Belt and Road: The ‘China Dream’?
with O Shepotylo
Status: working paper available via SSRN
Our results also suggest that the rewards for both China and the EU can be even greater if they are also willing to commit to a FTA, where this prospect has been considered as the potential next stage after the China-EU Investment Agreement is concluded. This committed approach would need policy makers spell out to interconnectedness of the BRI, China-EU Investment Agreement and FTA initiatives, where this only likely to happen if China is satisfied that the EU is a strong, stable and credible partner. Further, China will need to be make concessions, which are very unlikely to be possible in the short-term. The EU also remains wary of the balance of gains weighed in China’s favour; this imbalance is also highlighted in our empirical findings. The BRI can be viewed as an alternative to a China-EU FTA, at least in the short-term. However, the BRI countries are already seeking further detail on the initiative. In essence there is a missing middle; project level detail and vague slogans. China needs to, at least, appear to engage with a level of plurilateral/multilateral dialogue. This may support a move from discrete projects to an infrastructure pipeline.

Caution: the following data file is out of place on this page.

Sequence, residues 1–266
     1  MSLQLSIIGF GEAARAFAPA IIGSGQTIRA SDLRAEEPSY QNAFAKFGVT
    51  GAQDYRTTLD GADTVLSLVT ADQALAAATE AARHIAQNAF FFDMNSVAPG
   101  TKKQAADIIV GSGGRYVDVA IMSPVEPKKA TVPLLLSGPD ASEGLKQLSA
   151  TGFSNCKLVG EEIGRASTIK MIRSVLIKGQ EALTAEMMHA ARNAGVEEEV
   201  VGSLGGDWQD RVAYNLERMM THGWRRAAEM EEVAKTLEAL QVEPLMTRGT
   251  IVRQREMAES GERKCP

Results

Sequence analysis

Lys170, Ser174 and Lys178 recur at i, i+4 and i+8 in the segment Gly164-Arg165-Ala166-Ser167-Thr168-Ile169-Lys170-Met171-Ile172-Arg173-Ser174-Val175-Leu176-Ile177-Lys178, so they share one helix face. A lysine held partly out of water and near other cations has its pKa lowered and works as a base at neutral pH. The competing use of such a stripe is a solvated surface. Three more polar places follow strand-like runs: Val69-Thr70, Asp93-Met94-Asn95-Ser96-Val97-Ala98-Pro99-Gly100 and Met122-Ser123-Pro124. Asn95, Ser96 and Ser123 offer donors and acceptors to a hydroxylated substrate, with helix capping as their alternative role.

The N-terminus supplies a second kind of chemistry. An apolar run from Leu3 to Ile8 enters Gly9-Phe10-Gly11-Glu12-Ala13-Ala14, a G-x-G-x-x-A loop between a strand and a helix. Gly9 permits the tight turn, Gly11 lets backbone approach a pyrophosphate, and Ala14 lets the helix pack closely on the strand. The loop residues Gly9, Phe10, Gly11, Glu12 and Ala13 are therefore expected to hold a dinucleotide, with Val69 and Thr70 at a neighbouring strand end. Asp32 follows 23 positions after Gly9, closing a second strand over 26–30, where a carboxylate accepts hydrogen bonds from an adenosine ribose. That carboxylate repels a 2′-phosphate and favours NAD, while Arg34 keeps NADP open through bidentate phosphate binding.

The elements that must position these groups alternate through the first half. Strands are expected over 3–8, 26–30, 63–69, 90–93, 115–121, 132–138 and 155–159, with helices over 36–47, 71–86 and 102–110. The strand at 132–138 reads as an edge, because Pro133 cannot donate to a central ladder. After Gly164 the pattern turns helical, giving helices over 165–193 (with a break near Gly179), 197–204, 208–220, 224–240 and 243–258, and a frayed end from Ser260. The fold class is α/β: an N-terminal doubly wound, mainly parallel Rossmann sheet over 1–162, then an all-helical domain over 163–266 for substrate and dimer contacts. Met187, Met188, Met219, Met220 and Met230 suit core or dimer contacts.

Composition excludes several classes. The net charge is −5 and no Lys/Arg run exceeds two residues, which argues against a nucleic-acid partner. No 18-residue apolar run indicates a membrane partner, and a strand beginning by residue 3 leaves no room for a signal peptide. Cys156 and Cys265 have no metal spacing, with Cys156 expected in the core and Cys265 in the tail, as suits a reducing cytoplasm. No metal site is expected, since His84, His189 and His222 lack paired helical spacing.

Speaking at the College of Europe, 23 Nov 2017
International Conference: The Belt and Road Initiative: EU-China Logistics and Supply Chain
Full details available @ EU-China Observer
Also presented at